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18 June 2014
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Legacies - Southampton

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Southampton
The Pepper Pot Lighthouse at St Catherine's Point
© Isle of Wight Tourism
Making light work of wine

You could be forgiven for thinking that the "Pepper Pot" lighthouse, perched some 750ft above the most southerly point of the Isle of Wight, is a rocket.

The origin of this primitive beacon of light for distressed sailors is as murky as the mists that often shroud St Catherine's Point, its precarious hilltop location.

The 10.67m (35ft) tall octagonal building has four massive support buttresses, the causes of its rocket resemblance. The ruins of an adjacent oratory or chapel remain on its north side. Predated by the Roman lighthouse at Dover, it is the second-oldest lighthouse in Britain.

Intriguingly, the lighthouse tower was octagonal, but with a square interior. The light beacon was simply a fire set in the roof of the tower which would glow through each of the eight beacon slits.

The Pepper Pot lighthouse plans.
© Detail taken from: "The Architectural Antiquities of the Isle of Wight", by Percy Stone. The copyright holder has not been traced - if you know who holds the copyright please contact the BBC Legacies Team.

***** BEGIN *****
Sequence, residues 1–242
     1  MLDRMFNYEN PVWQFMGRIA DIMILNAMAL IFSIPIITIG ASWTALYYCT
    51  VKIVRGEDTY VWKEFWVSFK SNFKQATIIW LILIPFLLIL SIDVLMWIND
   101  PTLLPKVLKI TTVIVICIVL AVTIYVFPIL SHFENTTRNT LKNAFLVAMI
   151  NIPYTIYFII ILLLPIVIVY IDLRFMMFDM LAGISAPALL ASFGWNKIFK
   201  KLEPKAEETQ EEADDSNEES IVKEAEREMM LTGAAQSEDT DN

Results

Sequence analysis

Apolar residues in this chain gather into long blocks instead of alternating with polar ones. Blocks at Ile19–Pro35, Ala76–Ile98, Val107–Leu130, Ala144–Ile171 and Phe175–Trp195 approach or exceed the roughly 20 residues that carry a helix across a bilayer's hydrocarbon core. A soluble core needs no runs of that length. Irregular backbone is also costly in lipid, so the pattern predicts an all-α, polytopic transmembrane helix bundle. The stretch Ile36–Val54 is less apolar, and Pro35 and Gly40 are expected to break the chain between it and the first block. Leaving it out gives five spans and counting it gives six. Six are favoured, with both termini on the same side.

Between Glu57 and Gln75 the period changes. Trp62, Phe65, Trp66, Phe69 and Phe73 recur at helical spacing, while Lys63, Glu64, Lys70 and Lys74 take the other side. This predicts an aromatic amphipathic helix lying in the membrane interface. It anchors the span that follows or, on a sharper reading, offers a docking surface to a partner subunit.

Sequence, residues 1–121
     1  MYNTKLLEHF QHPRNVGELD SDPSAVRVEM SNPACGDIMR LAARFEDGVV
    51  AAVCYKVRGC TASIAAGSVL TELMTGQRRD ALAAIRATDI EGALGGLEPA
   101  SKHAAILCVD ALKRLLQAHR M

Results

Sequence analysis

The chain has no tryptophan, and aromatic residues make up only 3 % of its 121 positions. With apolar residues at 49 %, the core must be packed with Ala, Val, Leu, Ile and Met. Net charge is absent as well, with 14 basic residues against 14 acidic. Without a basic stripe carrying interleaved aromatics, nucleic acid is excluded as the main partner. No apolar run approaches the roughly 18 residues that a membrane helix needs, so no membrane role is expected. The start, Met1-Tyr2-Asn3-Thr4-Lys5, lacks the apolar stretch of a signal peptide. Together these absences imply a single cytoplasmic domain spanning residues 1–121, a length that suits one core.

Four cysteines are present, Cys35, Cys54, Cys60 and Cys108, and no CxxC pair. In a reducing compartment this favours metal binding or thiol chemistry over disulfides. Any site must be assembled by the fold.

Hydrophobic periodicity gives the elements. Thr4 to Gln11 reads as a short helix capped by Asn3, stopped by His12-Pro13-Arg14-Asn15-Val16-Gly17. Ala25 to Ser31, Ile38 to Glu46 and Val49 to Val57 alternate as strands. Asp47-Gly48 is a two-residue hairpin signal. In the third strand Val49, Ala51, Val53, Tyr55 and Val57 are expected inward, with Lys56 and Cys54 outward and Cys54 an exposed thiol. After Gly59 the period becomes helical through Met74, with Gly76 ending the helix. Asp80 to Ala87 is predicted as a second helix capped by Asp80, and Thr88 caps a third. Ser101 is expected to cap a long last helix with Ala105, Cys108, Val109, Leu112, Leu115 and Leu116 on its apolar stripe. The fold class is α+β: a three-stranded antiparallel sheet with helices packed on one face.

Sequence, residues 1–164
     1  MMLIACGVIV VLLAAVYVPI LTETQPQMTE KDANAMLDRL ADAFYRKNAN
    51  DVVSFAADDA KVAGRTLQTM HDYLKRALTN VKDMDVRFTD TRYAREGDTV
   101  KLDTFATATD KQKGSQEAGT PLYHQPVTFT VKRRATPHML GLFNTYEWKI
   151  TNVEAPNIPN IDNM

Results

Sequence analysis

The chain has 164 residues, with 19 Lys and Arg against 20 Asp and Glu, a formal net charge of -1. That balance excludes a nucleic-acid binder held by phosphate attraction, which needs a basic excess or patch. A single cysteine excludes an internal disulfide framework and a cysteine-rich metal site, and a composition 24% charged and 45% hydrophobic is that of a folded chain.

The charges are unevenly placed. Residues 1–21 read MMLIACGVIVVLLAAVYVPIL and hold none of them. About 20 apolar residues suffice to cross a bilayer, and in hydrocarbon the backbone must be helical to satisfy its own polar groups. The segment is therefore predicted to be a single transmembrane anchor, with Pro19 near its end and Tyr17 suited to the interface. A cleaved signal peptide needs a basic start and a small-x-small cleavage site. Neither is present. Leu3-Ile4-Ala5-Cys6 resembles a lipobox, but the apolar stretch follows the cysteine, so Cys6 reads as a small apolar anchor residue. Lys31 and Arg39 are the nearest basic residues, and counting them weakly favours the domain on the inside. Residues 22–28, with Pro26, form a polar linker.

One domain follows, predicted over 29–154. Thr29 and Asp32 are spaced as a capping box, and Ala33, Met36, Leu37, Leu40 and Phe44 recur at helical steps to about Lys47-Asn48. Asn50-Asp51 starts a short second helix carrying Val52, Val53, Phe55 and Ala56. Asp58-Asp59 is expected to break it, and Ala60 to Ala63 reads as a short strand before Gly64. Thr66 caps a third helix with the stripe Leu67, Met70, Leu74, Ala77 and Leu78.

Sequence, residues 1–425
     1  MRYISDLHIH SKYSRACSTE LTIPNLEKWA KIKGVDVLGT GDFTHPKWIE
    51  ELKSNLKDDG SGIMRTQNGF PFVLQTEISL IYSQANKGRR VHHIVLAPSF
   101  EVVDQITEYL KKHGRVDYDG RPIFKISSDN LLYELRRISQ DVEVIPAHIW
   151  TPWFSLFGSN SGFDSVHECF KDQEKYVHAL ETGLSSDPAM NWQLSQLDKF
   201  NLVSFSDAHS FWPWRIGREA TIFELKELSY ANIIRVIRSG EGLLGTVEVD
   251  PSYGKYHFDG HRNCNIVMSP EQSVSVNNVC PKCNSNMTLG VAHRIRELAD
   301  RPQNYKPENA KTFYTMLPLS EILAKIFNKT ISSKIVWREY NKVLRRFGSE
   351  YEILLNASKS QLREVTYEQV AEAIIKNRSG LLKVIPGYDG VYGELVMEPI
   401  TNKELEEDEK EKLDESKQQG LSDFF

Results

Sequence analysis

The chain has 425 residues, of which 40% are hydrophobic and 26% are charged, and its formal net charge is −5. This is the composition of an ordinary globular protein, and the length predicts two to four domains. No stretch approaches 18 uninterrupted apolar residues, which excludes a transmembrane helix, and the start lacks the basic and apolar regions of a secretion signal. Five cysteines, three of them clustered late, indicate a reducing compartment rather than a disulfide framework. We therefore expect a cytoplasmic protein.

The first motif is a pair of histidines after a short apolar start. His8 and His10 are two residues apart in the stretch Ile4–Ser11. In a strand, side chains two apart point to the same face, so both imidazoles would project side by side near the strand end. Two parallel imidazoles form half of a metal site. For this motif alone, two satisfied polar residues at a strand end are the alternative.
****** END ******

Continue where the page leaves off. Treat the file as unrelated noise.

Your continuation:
The lighthouse had four interior stages and archways over two entrance doors. Within the pyramidal roof, wood fuel was always retained, ready for firing. The monks tended the beacon from the adjacent oratory and a priest would say mass for the hapless sailors braving the hazardous coastline.

A chequered history.

A number of sources suggest that, on a stormy night in the winter of 1314, a vessel chartered by merchants of the French King's Duchy of Aquitaine to take a large consignment of white wine to England crashed ashore on Atherfield Ledge - close to St Catherine's Hill.

In true "Whisky Galore" style, the surviving sailors sold 174 casks of wine to the islanders.

The merchants were so enraged that they pursued the receivers of the stolen wine, though they deemed the sailors to be unworthy of action. One island landowner, Walter de Godeton, was prosecuted, found guilty of receiving 53 casks and ordered to pay 227 and a half marks.


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